"The color orange has always reminded me of that and how my feelings didn’t matter, how no one cared and how I felt like I was worth nothing. All of us little children were crying and no one cared... I finally get it, that the feeling of worthlessness and insignificance, ingrained in me from my first day at the mission, affected the way I lived my life for many years. Even now, when I know nothing could be further than the truth, I still sometimes feel that I don’t matter. Even with all the work I’ve done! I am honored to be able to tell my story so that others may benefit and understand, and maybe other survivors will feel comfortable enough to share their stories."
Today, I believe the recovery of the remains of 215 children in unmarked graves within Tk’emlúps te Secwépemc territory, just weeks before the Third Reading in the House to Commons spurred the final passing of the Truth and Reconciliation Commission of Canada’s Call to Action number 80 to create a holiday called the National Day for Truth and Reconciliation, which seeks “to honour First Nations, Inuit, and Métis Survivors and their families and communities and to ensure that public commemoration of their history and the legacy of residential schools remains a vital component of the reconciliation process.”
On Thursday, this week, this month and year, stand in support and solidarity of Survivors. Participate in the many Truth and Reconciliation Marches occurring. Here at UBC, on September 30, come to the Intergenerational March to commemorate Orange Shirt Day, which begins at 11:45 at the UBC Indian Residential School History and Dialogue Centre: https://apsc.ubc.ca/event/2021/save-date-national-day-truth-and-reconciliation.
And yes, hopefully, all parade permits are in place!
In recalling Martin Luther King, Jr.’s letter, her argued that in seeing the interrelatedness of all communities:
"Injustice anywhere is a threat to justice everywhere. We are caught in an inescapable network of mutuality, tied in a single garment of destiny. Whatever affects one directly, affects all indirectly. Never again can we afford to live with the narrow, provincial “outside agitator” idea. Anyone who lives inside the United States can never be considered an outsider anywhere within its bounds."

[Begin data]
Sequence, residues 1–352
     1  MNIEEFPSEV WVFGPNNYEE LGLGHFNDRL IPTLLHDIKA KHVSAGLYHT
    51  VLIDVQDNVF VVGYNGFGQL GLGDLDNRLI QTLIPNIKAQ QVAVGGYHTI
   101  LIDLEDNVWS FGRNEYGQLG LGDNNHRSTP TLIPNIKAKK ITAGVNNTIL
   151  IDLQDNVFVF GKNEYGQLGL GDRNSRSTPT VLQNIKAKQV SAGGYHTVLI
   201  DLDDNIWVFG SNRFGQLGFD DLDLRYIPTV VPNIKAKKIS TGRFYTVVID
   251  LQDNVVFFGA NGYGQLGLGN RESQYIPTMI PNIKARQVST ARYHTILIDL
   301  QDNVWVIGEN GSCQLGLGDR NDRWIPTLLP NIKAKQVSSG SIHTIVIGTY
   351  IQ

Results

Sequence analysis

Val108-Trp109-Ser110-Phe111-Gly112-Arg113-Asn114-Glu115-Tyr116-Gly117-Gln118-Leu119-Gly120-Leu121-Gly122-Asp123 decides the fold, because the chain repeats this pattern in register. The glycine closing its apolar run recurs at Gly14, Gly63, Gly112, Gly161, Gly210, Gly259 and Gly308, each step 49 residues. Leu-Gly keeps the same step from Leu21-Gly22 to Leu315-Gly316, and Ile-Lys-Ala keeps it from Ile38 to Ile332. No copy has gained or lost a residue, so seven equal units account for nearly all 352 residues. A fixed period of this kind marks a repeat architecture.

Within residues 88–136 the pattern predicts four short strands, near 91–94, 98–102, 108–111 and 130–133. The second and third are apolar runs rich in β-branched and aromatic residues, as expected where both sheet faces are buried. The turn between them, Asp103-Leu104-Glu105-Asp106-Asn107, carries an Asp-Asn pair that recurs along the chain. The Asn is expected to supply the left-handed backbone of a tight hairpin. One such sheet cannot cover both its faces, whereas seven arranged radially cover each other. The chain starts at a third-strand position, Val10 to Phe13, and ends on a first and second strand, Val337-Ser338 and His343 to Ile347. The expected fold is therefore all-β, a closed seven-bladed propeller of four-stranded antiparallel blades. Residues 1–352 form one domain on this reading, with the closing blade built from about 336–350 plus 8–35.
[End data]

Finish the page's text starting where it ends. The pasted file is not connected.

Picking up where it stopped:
I am reminded that on this National Day for Truth and Reconciliation - all Indigenous and non-Indigenous Peoples alike - are now similarly tied in a single garment, an Orange Shirt that seeks to recognize the harm the residential school system did to children's sense of self-esteem and well being, and as an affirmation of our commitment to ensure that everyone around us matters.
Phyllis Webstad has published two books for younger children, the "Orange Shirt Story" and "Phyllis's Orange Shirt."
The Returning Home and Pathways to Reconciliation was presented by The Indian Residential School History and Dialogue Centre, The First Nations House of Learning, UBC Learning Circle, and the Centre of Excellence in Indigenous Health The film “Returning Home” is set to tour the film festival circuit this fall, beginning with the Vancouver International Film Festival in October 2021.
National Centre for Truth and Reconciliation - Schedule for Educators (General Public and Recordings available): https://nctr.ca/education/trw/educator-schedule/
The Faculty of Education offers some insightful resources: https://educ.ubc.ca/national-day-for-truth-and-reconciliation-2021/
6 Ways to Deepen Your Understanding of Indian Residential School History: https://beyond.ubc.ca/understanding-of-residential-school-history/
Truth Before Reconciliation: 8 Ways to Identify and Confront Residential School Denialism: https://beyond.ubc.ca/8-ways-to-confront-residential-school-denialism/
Sacred and Strong: Upholding Our Matriarchal Roles - The Health and Wellness Journeys of BC First Nations Women and Girls, First Nations Health Authority - See https://www.fnha.ca/what-we-do/chief-medical-office/sacred-and-strong
Posted:Sept. 29, 2021, 2:45 p.m.